A recent report by information provider CoreLogic has revealed that cash sales accounted for 36.5% of total property purchases in America during January.
This figure is unchanged since the same time last year, but significantly up since prior to the housing crisis when cash purchases accounted for around 25% of the housing market.
The amount of cash buyers actually peaked in January 2011 when cash transactions accounted for 46.6% of total home sales within the USA.
Real-estate owned (REO) – whereby the property is owned by a lender (such as a bank) – property saw the largest share of cash buyers this January at 61.2%, followed by resales at 36.5% and new-build homes at 17.7%.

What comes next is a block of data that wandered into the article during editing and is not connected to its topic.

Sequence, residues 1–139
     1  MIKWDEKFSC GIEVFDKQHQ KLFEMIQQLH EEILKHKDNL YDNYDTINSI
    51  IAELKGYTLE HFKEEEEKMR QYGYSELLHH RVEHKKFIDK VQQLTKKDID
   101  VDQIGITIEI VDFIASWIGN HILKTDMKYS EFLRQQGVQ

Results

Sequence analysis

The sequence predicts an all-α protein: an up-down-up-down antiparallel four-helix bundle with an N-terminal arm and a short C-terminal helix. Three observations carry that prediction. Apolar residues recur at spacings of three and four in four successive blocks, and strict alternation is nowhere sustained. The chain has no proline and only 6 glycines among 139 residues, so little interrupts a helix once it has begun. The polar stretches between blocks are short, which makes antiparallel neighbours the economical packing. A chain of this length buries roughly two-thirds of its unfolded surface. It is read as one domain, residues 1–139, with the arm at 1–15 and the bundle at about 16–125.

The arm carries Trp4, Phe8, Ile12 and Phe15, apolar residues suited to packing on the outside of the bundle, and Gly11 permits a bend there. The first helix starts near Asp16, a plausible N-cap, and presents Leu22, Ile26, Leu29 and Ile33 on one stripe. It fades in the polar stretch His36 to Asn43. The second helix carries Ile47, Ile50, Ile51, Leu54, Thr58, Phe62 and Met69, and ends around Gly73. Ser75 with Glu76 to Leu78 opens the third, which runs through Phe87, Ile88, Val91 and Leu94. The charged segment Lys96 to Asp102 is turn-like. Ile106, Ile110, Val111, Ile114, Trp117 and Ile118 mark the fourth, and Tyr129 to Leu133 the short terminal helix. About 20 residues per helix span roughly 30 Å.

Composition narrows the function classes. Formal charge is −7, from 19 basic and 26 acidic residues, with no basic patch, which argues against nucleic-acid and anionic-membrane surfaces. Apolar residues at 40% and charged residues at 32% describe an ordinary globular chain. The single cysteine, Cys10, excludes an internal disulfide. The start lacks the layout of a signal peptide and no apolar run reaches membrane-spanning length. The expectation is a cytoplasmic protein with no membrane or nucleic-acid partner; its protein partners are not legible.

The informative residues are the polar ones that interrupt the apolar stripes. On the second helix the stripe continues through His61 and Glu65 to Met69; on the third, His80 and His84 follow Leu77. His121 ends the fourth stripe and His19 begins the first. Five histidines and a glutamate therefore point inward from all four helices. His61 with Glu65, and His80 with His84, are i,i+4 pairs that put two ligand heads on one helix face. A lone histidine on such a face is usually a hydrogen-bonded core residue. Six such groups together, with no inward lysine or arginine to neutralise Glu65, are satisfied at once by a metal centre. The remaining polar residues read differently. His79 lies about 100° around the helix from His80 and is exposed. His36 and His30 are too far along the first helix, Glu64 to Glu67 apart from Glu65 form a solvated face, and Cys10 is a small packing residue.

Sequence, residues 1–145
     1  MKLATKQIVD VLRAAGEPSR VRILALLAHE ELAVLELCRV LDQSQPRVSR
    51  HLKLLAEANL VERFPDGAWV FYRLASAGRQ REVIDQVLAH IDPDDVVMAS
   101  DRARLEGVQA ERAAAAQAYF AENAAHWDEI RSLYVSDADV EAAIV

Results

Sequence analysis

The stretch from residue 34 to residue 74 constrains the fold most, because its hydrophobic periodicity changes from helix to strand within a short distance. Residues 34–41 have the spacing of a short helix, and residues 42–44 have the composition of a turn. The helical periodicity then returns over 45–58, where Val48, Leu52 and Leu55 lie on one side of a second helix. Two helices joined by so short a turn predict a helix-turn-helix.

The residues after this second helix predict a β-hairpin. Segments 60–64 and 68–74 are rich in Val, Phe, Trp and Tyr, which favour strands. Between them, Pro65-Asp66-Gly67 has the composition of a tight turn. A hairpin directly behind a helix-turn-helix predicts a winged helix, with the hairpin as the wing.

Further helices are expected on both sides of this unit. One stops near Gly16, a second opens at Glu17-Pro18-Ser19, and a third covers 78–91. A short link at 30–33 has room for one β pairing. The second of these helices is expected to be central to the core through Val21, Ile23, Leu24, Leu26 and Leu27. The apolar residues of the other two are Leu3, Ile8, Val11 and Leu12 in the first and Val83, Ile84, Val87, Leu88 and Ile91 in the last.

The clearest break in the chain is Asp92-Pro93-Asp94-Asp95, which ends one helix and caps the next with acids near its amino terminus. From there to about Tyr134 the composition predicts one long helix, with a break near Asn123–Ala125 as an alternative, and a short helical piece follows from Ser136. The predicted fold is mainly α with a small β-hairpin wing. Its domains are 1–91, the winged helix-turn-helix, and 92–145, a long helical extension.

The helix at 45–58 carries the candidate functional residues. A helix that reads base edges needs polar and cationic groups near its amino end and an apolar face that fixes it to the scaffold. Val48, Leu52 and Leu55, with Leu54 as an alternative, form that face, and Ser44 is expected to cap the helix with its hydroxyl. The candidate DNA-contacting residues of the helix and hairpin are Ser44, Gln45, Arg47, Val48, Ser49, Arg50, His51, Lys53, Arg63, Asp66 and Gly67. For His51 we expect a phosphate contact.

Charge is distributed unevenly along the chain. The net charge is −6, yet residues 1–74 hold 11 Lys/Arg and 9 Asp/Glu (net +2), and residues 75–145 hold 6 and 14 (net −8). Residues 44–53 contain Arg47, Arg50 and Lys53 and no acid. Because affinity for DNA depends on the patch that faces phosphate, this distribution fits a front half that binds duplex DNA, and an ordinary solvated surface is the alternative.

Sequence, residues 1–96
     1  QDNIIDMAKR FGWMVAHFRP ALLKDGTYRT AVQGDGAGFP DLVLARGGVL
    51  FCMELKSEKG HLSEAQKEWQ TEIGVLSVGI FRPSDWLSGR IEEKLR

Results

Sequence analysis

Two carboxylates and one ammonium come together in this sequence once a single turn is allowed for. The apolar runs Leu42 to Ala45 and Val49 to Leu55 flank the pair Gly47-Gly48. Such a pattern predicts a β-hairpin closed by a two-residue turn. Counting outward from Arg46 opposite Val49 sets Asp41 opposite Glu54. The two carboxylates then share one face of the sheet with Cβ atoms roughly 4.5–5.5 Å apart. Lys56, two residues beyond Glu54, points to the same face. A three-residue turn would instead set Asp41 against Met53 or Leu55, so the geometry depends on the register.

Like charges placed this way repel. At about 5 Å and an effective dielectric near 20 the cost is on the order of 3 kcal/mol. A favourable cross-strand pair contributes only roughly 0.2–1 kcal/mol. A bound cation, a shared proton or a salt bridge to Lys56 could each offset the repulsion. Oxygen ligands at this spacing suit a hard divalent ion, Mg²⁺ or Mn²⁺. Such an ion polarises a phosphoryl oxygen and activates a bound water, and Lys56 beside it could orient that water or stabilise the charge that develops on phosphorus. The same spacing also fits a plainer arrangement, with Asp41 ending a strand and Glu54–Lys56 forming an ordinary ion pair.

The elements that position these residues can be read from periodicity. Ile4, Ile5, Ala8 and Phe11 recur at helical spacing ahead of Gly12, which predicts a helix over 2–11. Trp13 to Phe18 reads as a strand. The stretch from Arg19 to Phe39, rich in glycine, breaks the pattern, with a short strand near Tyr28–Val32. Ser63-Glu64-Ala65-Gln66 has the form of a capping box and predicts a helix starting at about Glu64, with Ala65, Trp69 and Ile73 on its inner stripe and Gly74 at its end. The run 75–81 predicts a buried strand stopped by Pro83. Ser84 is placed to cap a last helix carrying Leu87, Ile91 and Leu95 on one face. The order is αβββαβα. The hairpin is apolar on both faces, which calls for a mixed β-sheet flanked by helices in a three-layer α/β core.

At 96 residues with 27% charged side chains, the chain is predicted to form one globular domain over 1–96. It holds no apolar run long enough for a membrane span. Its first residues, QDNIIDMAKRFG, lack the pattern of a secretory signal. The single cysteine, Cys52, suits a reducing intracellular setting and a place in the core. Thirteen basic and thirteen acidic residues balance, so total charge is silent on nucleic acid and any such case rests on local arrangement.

CoreLogic pointed out that, while the percentage of REO sales within the all-cash category remained high, REO transactions have declined since peaking in January 2011.
Of all the distressed sales (whereby the owner is in default on the mortgage) in the USA, REO sales made up 5.9% and short sales (when the net proceeds from selling the property will fall short of the debts secured against it) made up 1.1%.
The total distressed sales share of 7% was 4.6 percentage points below the January 2016 share, and was the lowest distressed sales share for any month since September 2007.
All but eight states throughout the US recorded lower distressed sales shares in January 2017 compared with a year earlier.